A needle and thread can make a line in a cross stitch. Weaving is the practice of taking a myriad of lines and making a pattern in the warp and weft. A pencil makes a line on a piece of paper, as does ink. Even paint, when applied with a deft touch, makes a line.
The intersection of all these lines, and their use in modern art throughout the last 40 years, creates the conversation between mediums and artists featured in KMAC’s new exhibition, “Thread Lines,” now on display at the museum.
The exhibit originally hung at The Drawing Center in New York City, curated by Joanna Kleinberg Romanow. It was there that KMAC curator Joey Yates first saw it. And now it has made its way to Louisville for a second life.
Yates spoke with Insider about the exhibit, discussing how “Thread Lines” came to KMAC, the effect the art might have on museum patrons, and how these artists influenced a movement in art that illustrates KMAC’s mission.
“These artists … always existed on the fringes, but over time, they were able to convince the art-going public — the critics, the writers, the historians — that they were actually influencing contemporary art, more than just their oftentimes kind of cloistered subsections of the art world,” says Yates.
Those subsections of art included design and craft — or folk art. And while some artists had occasionally been lauded by the literati, they had never really been accepted as part of the larger art world. In the ’60s and ’70s, that began to change, in part because of the work of many of the artists displayed in “Thread Lines.”
“This show — because of its use of textiles and fiber — by artists who also exist firmly with their contemporary art, they articulated everything we’ve been talking about, shared a lot of thoughts and similar objectives, and we really responded to that,” explains Yates.
Because of those shared thoughts and objectives, Yates says bringing “Thread Lines” to Louisville was a no-brainer.
“It made it easy for us to say, ‘Hey, you know these are already brought together by a New York institution, who oftentimes, because of proximity, have developed really good relationships with other foundations or galleries that represent those artists.’”
In other words, KMAC was able to join the robust conversation between The Drawing Center and these individual artists, which helped KMAC then continue those conversations. Some of the artists, including William J. O’Brien, have had solo shows at KMAC now, in part because of relationships built by bringing “Thread Lines” to the museum.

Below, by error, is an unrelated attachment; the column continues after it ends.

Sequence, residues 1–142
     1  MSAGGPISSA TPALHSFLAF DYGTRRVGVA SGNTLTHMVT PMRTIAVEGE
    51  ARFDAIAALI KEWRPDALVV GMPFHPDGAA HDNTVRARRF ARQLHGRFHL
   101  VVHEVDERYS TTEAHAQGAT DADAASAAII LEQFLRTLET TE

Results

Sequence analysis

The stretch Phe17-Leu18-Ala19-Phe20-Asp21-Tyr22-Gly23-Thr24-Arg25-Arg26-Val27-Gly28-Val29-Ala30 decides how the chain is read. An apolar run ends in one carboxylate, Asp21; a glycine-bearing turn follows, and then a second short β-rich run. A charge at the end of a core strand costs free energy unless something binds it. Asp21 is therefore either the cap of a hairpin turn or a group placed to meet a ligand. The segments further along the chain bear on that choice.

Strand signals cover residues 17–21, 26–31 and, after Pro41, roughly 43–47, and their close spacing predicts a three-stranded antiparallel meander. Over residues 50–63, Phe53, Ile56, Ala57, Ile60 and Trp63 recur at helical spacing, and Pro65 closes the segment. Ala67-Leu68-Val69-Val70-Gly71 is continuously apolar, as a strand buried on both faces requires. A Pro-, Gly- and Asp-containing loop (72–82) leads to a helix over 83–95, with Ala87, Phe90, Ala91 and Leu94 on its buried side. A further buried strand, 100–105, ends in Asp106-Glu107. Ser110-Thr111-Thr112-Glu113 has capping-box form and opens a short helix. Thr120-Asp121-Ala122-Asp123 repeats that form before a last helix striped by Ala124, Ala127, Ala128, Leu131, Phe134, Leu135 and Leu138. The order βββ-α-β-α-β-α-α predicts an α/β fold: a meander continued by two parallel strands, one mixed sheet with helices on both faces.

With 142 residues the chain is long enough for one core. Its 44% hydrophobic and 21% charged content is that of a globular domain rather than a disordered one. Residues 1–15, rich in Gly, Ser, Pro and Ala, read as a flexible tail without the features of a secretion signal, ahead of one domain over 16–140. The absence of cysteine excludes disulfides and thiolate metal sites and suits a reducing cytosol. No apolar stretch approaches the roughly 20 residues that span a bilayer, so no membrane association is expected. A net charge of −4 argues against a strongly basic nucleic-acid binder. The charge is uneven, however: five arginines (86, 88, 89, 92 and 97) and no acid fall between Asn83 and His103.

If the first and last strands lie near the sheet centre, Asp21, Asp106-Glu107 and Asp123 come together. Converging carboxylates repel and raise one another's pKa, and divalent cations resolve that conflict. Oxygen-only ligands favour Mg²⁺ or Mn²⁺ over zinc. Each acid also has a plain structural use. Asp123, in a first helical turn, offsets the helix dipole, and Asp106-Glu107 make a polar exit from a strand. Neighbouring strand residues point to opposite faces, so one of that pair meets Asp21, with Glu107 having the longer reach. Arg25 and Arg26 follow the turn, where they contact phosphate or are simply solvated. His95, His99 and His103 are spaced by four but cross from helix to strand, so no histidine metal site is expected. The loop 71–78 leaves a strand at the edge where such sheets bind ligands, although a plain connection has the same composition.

“There are several artists in the show we had already been sort of looking at, that we consider the kind of archetypal contemporary artist who helped bring a lot of craft practices into contemporary art conversations,” says Yates.
While the history and the academic side of the exhibition is fascinating to art aficionados who like to keep track, the works themselves speak to viewers.
“The show is a little more intimate than the shows we’ve done up until now in the new space,” Yates says. “In hindsight now that it’s up, it’s a nice break from the way the galleries have appeared up until now.”
The smaller works invite a closer look. They require viewers to step a bit closer to see thing like cross stitches, patterns in embroidery hoops, or the delicate lines of ink painstakingly arrayed on paper.
And while many pieces hail from the ’60s and ’70s, there also are newer artists working in diverse mediums.
Even film makes an appearance in this meditation of the nature of lines. “Thread Routes: Chapter I,” the first in a series of six 16mm films by South Korean artists Kimsooja, is a particular entrancing experience. The film visits indigenous textile artists in Machu Pichu, cataloguing their techniques in silence and intercutting images of their beautiful surroundings with images of weaving and sewing.
Both sets of images present lines, curves and geometric patterns. They also draw attention once again to the materials and the craft used to create art.
Another highlight of the exhibit is two works by Lenore Tawney. One is rendered in linen textile, and the other is India ink on graph paper. Yet both seem to speak to the similar ideas of line and color. Different statements to be sure, but it’s a clear example of the line of conversation “Thread Lines” represents.
“Thread Lines” is on display through Aug. 6. KMAC is located at 715 W. Main St. Admission is free.